A federal judge has extended a hold on part of a new Wisconsin law that requires abortion providers to have admitting privileges at nearby hospitals.
An injunction has been issued that blocks the mandate for another four months, according to The New York Times.
Judge William M. Conley of Federal District Court issued the order, which stems from a lawsuit that Planned Parenthood and Affiliated Medical Services filed in July. The organizations say the law would force a Planned Parenthood clinic in Appleton and an Affiliated Medical Services clinic in Milwaukee to close because abortion providers at both facilities lacked admitting privileges, The New York Times reported.
State attorneys defending the law could ask the 7th Circuit Court of Appeals to stay the injunction. A spokeswoman for the state Justice Department said in an email that agency lawyers are reviewing the order and considering their “next step,” according to the Associated Press. Republican Gov. Scott Walker signed the GOP-authored law on July 5, making Wisconsin one of several states where hospital admitting privileges are required for abortion providers.
A similar mandate was included in sweeping legislation that Texas lawmakers approved in July after weeks of protests. The only abortion clinic still operating in Mississippi is fighting in federal court to stay open after a 2012 state law imposed admitting privilege requirements on it, according to the AP.
Department of Justice attorneys defending the law have counterargued the “admission to hospitals” requirement is meant to ensure continuity of care if a woman develops complications following an abortion. They maintain driving longer distances to obtain an abortion from a provider with admitting privileges isn't an undue burden and providers at the Appleton and AMS Milwaukee clinics should apply for privileges.
The organizations' attorneys counter by saying the application process can take months, according to the AP. Providers at the Appleton and AMS clinics will probably need months to secure admitting privileges, if they can get them at all, U.S. District Judge William Conley concluded.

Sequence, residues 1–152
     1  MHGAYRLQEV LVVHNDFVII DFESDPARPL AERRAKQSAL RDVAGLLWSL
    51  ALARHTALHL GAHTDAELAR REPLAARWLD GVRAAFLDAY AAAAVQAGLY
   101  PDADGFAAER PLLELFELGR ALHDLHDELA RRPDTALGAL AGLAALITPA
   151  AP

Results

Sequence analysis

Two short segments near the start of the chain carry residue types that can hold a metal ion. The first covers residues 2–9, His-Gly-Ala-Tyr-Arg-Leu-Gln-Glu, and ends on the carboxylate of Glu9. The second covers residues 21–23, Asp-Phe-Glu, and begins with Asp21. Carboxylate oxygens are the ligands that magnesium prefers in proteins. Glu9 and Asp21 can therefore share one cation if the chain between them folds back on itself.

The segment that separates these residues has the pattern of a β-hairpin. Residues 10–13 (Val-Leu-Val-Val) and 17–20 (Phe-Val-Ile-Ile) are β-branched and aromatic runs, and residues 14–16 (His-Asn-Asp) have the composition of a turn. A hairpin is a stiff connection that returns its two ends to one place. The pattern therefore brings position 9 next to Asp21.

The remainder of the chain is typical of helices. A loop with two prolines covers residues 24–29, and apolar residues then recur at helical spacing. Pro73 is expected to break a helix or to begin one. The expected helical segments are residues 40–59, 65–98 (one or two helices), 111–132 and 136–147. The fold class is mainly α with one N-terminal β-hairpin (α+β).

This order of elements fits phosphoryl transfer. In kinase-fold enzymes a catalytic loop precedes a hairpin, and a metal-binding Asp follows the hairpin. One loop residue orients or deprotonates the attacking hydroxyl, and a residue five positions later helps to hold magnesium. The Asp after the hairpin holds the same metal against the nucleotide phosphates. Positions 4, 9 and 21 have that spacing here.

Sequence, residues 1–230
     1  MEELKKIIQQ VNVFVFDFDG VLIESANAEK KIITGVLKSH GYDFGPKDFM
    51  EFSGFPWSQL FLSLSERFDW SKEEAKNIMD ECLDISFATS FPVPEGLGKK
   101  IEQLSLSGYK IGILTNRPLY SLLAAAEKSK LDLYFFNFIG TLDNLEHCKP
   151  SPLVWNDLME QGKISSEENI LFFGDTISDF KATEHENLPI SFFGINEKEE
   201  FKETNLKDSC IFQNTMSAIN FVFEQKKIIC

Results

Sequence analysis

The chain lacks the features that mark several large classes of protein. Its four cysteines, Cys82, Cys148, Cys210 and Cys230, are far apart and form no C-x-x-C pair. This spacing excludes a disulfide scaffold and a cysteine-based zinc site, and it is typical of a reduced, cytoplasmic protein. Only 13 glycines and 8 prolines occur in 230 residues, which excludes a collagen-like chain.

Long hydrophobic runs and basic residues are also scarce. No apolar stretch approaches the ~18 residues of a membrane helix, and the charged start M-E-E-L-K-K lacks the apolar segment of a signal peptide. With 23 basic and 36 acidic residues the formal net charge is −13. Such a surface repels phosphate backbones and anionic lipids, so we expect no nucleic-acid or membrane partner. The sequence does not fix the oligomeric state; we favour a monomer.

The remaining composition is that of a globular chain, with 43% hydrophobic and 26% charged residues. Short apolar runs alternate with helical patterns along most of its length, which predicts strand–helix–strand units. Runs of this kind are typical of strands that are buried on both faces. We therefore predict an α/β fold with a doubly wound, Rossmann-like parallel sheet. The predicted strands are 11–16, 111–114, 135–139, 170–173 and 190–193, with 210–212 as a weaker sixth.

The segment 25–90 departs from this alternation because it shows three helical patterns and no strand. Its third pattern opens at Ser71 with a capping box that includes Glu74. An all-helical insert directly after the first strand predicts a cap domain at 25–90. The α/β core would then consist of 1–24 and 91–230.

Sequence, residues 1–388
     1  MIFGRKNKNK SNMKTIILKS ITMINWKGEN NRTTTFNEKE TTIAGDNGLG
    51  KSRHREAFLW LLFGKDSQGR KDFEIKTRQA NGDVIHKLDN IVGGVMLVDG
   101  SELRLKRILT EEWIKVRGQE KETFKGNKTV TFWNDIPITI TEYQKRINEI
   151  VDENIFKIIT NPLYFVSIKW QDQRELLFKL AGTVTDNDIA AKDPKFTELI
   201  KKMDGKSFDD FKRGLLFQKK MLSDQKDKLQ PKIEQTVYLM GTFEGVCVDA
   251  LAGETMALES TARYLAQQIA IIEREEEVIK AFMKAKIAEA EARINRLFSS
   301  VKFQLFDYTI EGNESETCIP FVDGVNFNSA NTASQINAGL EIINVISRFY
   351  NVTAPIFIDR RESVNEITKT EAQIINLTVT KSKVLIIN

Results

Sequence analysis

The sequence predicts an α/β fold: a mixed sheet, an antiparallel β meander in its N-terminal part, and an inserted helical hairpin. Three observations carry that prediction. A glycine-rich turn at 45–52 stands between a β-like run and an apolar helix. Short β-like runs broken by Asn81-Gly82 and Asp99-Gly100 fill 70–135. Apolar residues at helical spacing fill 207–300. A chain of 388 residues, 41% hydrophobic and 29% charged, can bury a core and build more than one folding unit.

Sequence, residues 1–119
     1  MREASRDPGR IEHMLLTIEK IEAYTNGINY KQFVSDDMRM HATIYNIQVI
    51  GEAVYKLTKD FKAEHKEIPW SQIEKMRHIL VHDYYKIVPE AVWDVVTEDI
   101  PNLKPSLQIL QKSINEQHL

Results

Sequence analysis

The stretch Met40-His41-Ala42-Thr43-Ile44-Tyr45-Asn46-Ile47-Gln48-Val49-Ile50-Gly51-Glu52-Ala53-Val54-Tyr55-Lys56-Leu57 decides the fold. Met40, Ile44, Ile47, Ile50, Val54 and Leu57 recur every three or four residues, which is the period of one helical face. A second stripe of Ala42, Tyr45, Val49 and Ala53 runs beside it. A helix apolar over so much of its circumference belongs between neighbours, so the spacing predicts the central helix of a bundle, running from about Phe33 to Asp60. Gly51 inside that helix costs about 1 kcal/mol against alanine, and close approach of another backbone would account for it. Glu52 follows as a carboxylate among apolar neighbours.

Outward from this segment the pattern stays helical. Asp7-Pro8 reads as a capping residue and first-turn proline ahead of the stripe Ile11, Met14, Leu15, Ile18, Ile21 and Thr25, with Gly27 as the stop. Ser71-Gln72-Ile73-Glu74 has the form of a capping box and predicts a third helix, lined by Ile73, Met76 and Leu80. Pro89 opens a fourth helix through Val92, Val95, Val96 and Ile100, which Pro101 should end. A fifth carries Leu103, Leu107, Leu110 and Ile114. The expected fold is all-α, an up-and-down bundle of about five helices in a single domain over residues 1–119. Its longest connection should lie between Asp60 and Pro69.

Sam Guzman, communications director at Pro-Life Wisconsin, said this bill was not their preferred bill. Guzman said Pro-Life Wisconsin is not in favor of it because it has exceptions – and they are a “no-exceptions organization.” Guzman said it’s common sense that doctors performing these procedures should have access to admitting women into hospitals. He emphasized they supported the ultrasound requirement and admitting privileges but did not support exceptions for rape, incest and life of the mother.
Guzman said they’re not part of any legal action.
“Every human life is valuable regardless of the circumstances of his or her conception,” Guzman said. “We believe it’s wrong to make a values judgment that just because this baby was conceived in rape it could or should be aborted.”
Guzman emphazied the importance of every mother seeing and hearing her baby’s heartbeat – especially if they’re considering an abortion.
“It’s such a difficult circumstance. You can’t heal violence with violence,” Guzman said. “With abortion you’re creating a new victim. Before there was one and now there’s two.”